Every single act by Erdoğan towards weak and condescending Western administrations goes unchecked. 

Westerners resort systematically to euphemisms such as “Turkey-backed rebels”, but the so-called rebel groups are no longer the opponents of the authoritarian regime in Damascus whom we saw in the early days of the Syrian uprising – they have been overtaken by hardcore jihadists. Or, they refer to “Turkey’s legitimate security concerns” when these concerns are unrelated to any threat but to the invasion of Syrian territory by way of dehumanising Kurds, Yazidis and Alawites. 

The EU’s newly appointed Foreign Affairs chief, Josep Borrell, recently said: “The Council acknowledges the difficult situation Turkey is facing due to the offensive in Idlib and its consequences. We are at the beginning of a migration crisis, the consequences of the Turks letting people go, making them believe that the borders of Europe were open. (…) At the same time, we have to talk with the Turks about many issues that affect directly our security, because Turkey is also playing an important role in the Libyan crisis.”

Linking the battle in Idlib and the migration crisis? Yes, they are linked, but not in the way the Westerners understand. The only causal link between Idlib and the migration crisis is one manufactured by Erdoğan himself: the Turkish president has stoked European fears of a new large-scale wave of migration from Idlib by unleashing hordes of stranded irregular migrants on the Greek border. For the record, only 4 percent of those amassed at the Greek-Turkish borders are Syrian nationals.

His expectations from the West are clear: more cash and more Western calls for a ceasefire so Turkey can reorganise its jihadist operations in Syria and elsewhere.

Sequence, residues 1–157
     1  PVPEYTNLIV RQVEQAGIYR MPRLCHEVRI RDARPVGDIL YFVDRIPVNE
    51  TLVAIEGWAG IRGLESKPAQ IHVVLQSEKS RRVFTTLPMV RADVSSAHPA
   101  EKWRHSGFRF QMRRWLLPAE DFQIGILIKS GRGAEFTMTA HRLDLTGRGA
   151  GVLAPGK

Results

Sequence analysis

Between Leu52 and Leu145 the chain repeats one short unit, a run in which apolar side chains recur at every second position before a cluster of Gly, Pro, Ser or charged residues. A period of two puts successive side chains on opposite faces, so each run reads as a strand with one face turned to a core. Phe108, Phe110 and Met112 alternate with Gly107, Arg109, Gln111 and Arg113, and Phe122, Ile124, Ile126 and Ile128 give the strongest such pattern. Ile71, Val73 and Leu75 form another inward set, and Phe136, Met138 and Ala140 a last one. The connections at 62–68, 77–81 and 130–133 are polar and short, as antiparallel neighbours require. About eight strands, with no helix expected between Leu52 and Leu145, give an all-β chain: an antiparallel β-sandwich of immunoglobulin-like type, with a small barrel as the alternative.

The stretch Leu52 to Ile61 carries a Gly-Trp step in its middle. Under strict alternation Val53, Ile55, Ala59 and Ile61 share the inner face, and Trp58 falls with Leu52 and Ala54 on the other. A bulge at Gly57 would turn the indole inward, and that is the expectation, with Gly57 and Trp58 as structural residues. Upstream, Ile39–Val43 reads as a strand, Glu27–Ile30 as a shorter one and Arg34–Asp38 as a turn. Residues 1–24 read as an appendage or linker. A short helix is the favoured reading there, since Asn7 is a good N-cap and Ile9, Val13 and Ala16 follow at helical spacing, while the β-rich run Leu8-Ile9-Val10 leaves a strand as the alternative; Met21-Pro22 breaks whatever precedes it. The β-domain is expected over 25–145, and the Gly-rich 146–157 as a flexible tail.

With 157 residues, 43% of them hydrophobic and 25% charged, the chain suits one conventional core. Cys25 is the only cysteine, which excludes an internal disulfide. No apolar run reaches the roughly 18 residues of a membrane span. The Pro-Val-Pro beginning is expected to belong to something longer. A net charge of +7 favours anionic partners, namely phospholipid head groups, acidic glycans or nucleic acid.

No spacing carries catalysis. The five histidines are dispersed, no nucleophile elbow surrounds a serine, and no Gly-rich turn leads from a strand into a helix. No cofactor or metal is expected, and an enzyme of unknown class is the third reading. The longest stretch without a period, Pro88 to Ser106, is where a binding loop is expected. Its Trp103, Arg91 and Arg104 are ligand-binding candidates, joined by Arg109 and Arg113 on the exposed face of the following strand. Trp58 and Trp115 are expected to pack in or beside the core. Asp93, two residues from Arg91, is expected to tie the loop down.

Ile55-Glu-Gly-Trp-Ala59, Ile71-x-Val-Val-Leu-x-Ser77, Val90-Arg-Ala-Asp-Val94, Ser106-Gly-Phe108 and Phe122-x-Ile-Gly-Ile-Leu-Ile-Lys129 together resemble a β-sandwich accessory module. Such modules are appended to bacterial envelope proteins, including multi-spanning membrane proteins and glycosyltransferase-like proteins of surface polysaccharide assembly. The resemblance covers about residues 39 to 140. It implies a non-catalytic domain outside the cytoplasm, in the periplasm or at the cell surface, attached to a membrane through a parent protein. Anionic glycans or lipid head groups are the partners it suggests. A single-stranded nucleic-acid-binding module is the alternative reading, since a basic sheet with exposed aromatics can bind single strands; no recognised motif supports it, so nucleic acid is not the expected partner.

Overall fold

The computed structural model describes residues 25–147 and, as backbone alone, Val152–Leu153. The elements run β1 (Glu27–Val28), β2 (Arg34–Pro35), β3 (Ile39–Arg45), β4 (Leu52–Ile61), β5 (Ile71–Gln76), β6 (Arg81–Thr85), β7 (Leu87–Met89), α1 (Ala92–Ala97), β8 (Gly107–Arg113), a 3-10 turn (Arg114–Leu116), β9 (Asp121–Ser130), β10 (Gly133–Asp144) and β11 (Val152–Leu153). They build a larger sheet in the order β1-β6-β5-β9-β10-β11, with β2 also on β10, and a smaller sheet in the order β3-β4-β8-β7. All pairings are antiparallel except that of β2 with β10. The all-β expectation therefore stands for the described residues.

As for the “important role Turkey is playing in Libya”, according to Borrell, it is an open secret that Ankara is exporting jihadist mercenaries directly from the Syrian battlefield to the Libyan battlefield to reinforce the ranks of the Muslim Brotherhood, which controls the Tripoli government.

No Western officials have ever pointed any fingers at Ankara for these dealings, instead recognising its “important role” - yet another euphemism for “potential to disrupt”! 

All in all, the West is always prone to close its eyes to Ankara’s invasion of Syrian lands and its open deals with Islamic terrorist organisations, whereas Russia categorically rejects them. The former bears the consequences of these miscalculations through more mass displacements and a totalitarian regime in Ankara, the latter cuts the knots his way.

Hence, there is more than one lesson to take from the Moscow deal.

Compromise and appeasement do not work with Erdoğan, only containment does.

Democracies, perhaps naturally, are very bad at talking to non-democracies.

Non-democracies deal more straightforwardly with one another than with democracies; as the Turkish saying goes, “the faithless overmasters the irreligious,” or “set a thief to catch a thief”. 

The opinions expressed in this column are those of the author and do not necessarily reflect those of Ahval.